Though private homes are usually not covered by the asbestos regulations that apply to schools and public buildings, professionals should still use procedures described during federal or state-approved training. Homeowners should be alert to the chance of misleading claims by asbestos consultants and contractors. There have been reports of firms incorrectly claiming that asbestos materials in homes must be replaced. In other cases, firms have encouraged unnecessary removals or performed them improperly. Unnecessary removals are a waste of money. Improper removals may actually increase the health risks to you and your family. To guard against this, know what services are available and what procedures and precautions are needed to do the job properly.
In addition to general asbestos contractors, you may select a roofing, flooring, or plumbing contractor trained to handle asbestos when it is necessary to remove and replace roofing, flooring, siding, or asbestos-cement pipe that is part of a water system. Normally, roofing and flooring contractors are exempt from state and local licensing requirements because they do not perform any other asbestos-correction work.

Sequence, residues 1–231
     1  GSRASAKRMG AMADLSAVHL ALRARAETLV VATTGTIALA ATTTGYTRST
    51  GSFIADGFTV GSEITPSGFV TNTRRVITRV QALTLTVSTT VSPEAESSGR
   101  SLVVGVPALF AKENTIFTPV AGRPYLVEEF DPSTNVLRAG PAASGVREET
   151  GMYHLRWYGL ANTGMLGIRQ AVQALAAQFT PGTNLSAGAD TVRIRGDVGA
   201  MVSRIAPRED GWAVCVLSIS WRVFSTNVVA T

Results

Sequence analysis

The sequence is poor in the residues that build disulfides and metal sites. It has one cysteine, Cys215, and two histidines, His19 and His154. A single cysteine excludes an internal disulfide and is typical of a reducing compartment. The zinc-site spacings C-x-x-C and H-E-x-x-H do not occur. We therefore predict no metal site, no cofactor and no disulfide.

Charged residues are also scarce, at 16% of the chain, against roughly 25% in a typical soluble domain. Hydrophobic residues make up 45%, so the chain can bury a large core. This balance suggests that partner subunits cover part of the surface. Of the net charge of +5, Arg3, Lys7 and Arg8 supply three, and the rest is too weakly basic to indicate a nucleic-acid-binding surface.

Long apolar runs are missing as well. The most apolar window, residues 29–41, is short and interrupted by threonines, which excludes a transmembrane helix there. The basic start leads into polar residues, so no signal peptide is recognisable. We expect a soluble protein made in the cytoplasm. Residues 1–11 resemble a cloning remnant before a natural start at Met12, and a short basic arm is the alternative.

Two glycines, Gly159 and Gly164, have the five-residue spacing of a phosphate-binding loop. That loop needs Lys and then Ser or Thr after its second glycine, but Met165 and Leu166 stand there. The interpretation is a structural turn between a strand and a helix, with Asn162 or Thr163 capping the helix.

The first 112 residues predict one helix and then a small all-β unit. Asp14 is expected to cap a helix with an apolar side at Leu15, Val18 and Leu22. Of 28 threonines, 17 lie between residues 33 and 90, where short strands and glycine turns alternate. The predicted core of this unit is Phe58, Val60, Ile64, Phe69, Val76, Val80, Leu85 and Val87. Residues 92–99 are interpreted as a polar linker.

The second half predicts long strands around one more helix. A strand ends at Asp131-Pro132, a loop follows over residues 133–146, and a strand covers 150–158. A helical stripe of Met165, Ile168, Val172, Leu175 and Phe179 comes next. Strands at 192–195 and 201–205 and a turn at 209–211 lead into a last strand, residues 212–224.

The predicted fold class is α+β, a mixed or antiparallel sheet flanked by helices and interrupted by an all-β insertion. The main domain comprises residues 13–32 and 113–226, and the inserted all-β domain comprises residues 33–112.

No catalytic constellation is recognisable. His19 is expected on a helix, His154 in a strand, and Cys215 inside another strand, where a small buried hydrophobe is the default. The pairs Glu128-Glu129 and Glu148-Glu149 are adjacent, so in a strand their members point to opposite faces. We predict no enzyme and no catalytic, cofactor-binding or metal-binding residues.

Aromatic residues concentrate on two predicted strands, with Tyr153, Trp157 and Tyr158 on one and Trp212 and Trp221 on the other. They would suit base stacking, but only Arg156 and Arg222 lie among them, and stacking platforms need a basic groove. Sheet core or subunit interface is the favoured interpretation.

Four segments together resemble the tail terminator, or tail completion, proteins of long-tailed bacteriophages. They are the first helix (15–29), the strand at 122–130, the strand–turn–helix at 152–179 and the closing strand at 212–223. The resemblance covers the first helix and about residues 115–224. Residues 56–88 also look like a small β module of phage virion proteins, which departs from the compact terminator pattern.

Asbestos-containing automobile brake pads and linings, clutch facings, and gaskets should be repaired and replaced only by a professional using special protective equipment. Many of these products are now available without asbestos. For more information, read Current Best Practices for Preventing Asbestos Disease Among Brake and Clutch Repair Workers.
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If you Hire A Professional Asbestos Inspector:
Make sure that the inspection will include a complete visual examination and the careful collection and lab analysis of samples. If asbestos is present, the inspector should provide a written evaluation describing its location and extent of damage, and give recommendations for correction or prevention.
Make sure an inspecting firm makes frequent site visits if it is hired to assure that a contractor follows proper procedures and requirements. The inspector may recommend and perform checks after the correction to assure the area has been properly cleaned.